“God only knows how many Sex on the Beaches he made,” Paul Clarke, the editor of Imbibe magazine and a longtime regular at Mr. Stenson’s bars, said in a phone interview.
He came by his art in part by necessity. When one boss spent the bar’s profits on cocaine, Mr. Stenson was forced to economize and improvise, coming up with creative twists on old standards. When other bars started copying his menu, he added drinks made with obscure ingredients that only he knew how to procure.
More than anything, he learned hospitality. He was naturally shy, but also curious and warm, and he learned how to bring those qualities to the job. He had a mind for faces, and could remember details about the most irregular of customers — names, where they sat, what they ordered.
He cultivated a network of friends and contacts. When someone asked him for a recommendation for a bar in a different city, he would write down the name, then staple a $20 bill to the paper, telling them to use it as a tip.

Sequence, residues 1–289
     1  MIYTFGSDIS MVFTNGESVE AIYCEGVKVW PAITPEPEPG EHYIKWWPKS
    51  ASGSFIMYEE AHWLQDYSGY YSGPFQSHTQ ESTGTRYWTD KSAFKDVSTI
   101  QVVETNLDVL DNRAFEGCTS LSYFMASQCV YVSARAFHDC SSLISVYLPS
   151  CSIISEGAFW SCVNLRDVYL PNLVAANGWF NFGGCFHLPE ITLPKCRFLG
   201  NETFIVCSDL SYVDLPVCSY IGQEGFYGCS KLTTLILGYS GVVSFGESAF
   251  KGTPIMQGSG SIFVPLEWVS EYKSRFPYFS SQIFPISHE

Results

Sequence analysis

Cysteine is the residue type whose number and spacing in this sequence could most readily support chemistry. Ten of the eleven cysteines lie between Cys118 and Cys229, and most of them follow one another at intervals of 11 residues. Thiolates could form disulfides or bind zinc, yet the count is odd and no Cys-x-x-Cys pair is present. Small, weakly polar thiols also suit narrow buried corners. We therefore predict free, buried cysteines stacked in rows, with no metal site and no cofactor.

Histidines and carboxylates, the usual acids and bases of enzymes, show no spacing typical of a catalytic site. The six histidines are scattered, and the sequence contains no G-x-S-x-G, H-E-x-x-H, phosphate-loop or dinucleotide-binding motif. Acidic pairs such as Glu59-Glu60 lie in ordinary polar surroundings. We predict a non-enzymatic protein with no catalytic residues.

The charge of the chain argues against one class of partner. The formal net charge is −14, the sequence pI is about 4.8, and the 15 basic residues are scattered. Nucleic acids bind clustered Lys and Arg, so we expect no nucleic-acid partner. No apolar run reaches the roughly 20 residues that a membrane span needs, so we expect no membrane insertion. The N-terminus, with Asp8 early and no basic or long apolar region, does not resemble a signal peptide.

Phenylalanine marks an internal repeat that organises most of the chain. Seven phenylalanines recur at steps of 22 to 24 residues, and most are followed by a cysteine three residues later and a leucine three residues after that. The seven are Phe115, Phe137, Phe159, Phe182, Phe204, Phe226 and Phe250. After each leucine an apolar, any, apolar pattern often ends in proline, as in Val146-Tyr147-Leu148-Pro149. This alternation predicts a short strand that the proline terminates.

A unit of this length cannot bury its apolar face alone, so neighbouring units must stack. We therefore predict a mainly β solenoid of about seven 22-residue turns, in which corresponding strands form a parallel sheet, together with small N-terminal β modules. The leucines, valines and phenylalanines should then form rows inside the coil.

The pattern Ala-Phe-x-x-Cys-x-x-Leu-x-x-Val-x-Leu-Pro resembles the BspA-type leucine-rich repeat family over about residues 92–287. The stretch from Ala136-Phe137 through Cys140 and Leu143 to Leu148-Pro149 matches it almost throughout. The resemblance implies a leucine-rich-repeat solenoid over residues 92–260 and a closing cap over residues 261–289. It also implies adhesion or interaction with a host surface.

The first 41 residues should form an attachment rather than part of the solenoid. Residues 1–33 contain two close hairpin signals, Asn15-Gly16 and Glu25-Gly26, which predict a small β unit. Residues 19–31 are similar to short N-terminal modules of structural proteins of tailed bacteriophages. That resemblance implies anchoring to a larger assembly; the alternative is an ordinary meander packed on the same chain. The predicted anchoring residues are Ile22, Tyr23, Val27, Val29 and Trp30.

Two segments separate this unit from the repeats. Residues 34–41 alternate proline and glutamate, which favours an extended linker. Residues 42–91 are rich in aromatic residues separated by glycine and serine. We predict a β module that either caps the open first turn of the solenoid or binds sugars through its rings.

For up-and-coming bartenders, Mr. Stenson was a refreshing throwback to a quasi-mythical era when bartenders doubled as best friends, news sources and community organizers — all while mixing the perfect drink.
“Even if he didn’t make good drinks, he would still be a great bartender,” said Robert Hess, a cocktail expert who, through his blog Drinkboy, was among the first to bring word about Mr. Stenson to the national public in the late 1990s.
The accolades for Mr. Stenson transformed the Zig Zag Cafe into a tourist attraction, with regulars fighting with lookie-loos for one of the bar’s 12 seats. Calling it a “Disneyland,” he quit in 2011.
He spent the next few years hopping around Seattle bars, working for short stretches at Canon, Il Bistro and, most recently, a Japanese restaurant, Kaname Izakaya. But his health was in decline, and after the pandemic, he stopped working.
Even after he had put away his shaker for good, he shrugged off the honors and fame.
“Eh. It was okay. I don’t see what the big deal was,” he told the writer Casey Robison in a 2020 interview. “I only ever saw myself as a bartender.”